The wind levels down low are very heavily affected by the land features. The more you fly in a specific area, the more you figure out the trends that occur. Even so, those trends vary drastically day to day depending on the wind direction and things like temperature. The more you do it, the more you feel comfortable and you have an idea of what the flight is going to do. I started ten years ago, and I have a pretty good idea of what my flights are going to be like. With that being said, quite often you take off and you’re wondering why you’re going in a completely different direction than you thought. That’s just part of it.
I went to a festival recently called the One Man Balloon Meet that was just to celebrate this guy’s birthday — Joe Leahy.
He’s this Irishman, who for the last twenty years, picks a different town in Ireland and invites a bunch of his friends, and they invade the town with their balloons for about three days. Most of them are one or two person balloons. We took off from this location that was overlooking an amazing castle and the scenery blew me away. It’s just as green as Vermont, but there are a lot more shades and a lot less trees, so you can land in a lot of places. Livestock is prevalent, and they become the trees that you have to avoid. I went as part of a team. We had four people with one very small four door car, with two baskets hanging out the trunk and two balloons on the roof. It was pretty funny driving that.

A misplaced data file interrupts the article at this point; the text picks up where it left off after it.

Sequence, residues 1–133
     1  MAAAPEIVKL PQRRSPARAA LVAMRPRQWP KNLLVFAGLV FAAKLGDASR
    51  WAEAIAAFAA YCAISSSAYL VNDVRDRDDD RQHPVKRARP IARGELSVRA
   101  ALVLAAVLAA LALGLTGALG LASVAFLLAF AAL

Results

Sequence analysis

You can do more adventurous things with a lightweight balloon. I have this vision of trying to put together snowmobiling and hot air ballooning in Colorado. That way I can reach areas typically only accessible by a snow craft. You can still fly lighter balloons in the winter and be able to get your equipment back if you land. As soon as you get more snow, unless you have the lightweight stuff, ballooning becomes a nightmare. If you have a balloon that only weighs 70 pounds, you can throw that on your shoulder and walk out even if you land in the woods. The basket is lightweight, and at that point you’re not going to have any propane left in the tank, so everything becomes manageable.
The experimental one I’m working on is going to be built to travel. It’s small and lightweight, because I want it to be able to carry myself and one other person. I think it’s important to at least be able to share it with somebody. The small balloons are more intimate and easier to use. As you start to get more on the commercial side, balloons tend to get bigger and bigger. The work that you do is less flying, and requires a huge team. With the small, lightweight stuff, it behaves differently. It goes up and down, and it reacts a lot quicker, like a jet ski versus a boat. I was able to source a lot of nylon seconds to help the cost down. You have to buy the rolls by 100 yards, so if you want to have multiple colors you end up with a lot of fabric. For an average sewer, it takes about two hundred hours behind the sewing machine, and I think I’m a little slow! It’s the first time I’ve ever sewed, but it’s a way of keeping my love for ballooning alive.
As told to Jason Schwartzman, True Senior Editor